Taimado Gakuen 35 Shiken Shoutai has had story arcs opened and more-or-less finished for everyone but Ikagura, the more mature one who wears a lab coat. In episode 7 she gets her turn, and it’s pretty weird. Apparently she was a clone of sorts, raised to wear a lab coat and do research on things without restraint or mercy. We learn this via her “sister” Isuka, who left Alchemist and now works for the bad guys at Valhalla, where she is trying to ressurect dark elves, but they need a elf cell called Last Matrix which Ikagura stole when she fled whichever place they were at. It all sounds like something out of RailDex to be honest. Anyway, Ikagura is going to reunite with Isuka and make these elves for unknown reasons. We also get a sense of the difference between the sisters. Ikagura, we discover through a cute scene with a little elf, has a maternal side she probably won’t admit to herself. Oh, and she decides to have sex with Takeru at the end, though you know that won’t go anywhere.
Rakudai Kishi no Cavalry 8 looked to be in the middle of a longer story arc, and maybe we’ll see Kuraido again, but the story of Ayase’s old dojo is wrapped up in one battle, Ikki vs. Kuraido. The battle dominates the episode. There’s a flashback to Ayase’s father and his defeat to set up Ikki’s using the old man’s technique to show that he hadn’t really been beaten, his weak heart gave out. Sounds like a lousy excuse if you bring it up, so everyone just thinks he was beaten fairly. As for Kuraido, the episode doesn’t make him entirely sympathetic, but we get an understanding of what the fighting means to him, and thusly to Kaito and to Ikki, leading to a few Ayase lines about not knowing the heart of a warrior. Not a bad episode, the fight was good, but I’m a little surprised that they wrapped the story up so quickly.
Gakusen Toshi Asterisk 8 already wrapped up its story arc, so we have an in-betweener featuring Kirin and Saya, who have teamed up for the Phoenix tournament, if they can get their teamwork together. It’s a silly and slight bonding episode where they go out shopping for Saya’s dad’s birthday in a seedy gun shop … and the show refuses to make an incident happen. She buys the used gun and walks out peacefully. Later there’s a conflict with a girl at another school at a pool, but there’s no teamwork to be shown there since it’s an individual duel. But they talk a lot and get a little closer, and miraculously their teamwork improves just because of that. Yeah, unrealistic, as was Kirin kickboarding and unable to stop, for chrissakes.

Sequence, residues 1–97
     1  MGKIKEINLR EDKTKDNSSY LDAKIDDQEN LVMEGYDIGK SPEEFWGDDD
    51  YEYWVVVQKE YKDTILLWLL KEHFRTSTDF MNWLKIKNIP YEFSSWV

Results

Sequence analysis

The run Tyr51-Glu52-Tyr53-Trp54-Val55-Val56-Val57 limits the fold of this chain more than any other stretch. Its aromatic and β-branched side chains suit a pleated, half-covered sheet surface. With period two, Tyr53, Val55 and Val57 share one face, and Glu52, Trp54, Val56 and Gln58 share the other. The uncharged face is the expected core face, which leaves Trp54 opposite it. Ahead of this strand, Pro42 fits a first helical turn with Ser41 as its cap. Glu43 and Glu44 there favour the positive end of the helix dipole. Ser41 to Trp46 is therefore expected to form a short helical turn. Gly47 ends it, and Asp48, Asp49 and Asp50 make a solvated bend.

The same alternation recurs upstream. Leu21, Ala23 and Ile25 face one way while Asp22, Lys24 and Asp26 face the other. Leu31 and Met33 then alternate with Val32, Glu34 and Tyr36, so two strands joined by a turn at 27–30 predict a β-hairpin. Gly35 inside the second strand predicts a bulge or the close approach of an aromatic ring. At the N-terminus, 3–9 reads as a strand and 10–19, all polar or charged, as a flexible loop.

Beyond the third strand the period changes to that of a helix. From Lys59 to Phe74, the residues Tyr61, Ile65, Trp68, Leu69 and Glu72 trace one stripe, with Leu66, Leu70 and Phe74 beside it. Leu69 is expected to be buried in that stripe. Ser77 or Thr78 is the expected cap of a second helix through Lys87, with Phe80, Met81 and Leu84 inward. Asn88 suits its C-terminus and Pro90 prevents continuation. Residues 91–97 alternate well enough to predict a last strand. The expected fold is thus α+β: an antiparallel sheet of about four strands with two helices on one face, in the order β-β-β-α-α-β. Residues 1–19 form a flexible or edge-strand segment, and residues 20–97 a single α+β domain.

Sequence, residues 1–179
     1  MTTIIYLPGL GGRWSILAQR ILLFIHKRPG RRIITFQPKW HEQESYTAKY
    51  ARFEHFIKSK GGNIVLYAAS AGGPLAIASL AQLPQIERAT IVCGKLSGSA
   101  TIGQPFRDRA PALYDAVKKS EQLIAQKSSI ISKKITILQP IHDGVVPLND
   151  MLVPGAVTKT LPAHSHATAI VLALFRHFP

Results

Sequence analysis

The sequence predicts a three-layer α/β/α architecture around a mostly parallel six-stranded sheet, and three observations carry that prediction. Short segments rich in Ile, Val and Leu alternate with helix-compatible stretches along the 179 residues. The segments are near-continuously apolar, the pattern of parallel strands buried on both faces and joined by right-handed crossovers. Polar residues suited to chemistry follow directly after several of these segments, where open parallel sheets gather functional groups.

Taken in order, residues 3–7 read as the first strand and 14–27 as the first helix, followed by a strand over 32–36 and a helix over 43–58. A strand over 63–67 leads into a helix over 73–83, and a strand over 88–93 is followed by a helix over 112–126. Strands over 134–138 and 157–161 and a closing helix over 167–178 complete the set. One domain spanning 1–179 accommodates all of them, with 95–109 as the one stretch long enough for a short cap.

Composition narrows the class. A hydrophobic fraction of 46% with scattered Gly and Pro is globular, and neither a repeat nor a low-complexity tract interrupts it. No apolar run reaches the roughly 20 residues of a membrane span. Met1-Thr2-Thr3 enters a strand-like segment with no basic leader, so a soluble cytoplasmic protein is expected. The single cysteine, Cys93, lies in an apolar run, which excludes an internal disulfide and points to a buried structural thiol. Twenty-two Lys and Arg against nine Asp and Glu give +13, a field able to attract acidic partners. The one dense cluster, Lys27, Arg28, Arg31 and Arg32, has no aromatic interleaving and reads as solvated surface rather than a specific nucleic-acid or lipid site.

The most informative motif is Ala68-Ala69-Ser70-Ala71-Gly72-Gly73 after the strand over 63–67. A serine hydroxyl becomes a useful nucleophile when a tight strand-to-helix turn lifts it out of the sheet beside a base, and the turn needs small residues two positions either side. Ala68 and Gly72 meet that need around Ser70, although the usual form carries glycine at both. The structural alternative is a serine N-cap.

There are episodes that aired earlier than Owarimonogatari 8, but nothing as good, I reckon, so it jumps the queue. I’ll get to HO and those magical-sword-HS-harem shows later. Having said that, episode 8 has a lot fewer surprises than last week’s, and unfortunately I have to remember the plots to all the previous and concurrent arcs to catch it all. All I can say is that we start with a nice conversation between Araragi and Yotsugi, primarily about the promise the former made to deliver the now-sleeping Kanbaru to Gaen for whatever reason, and Araragi’s reluctance to do so–guilt over breaking a promise vs. guilt over endangering Kanbaru, who, frankly, is in enough danger just being around Araragi.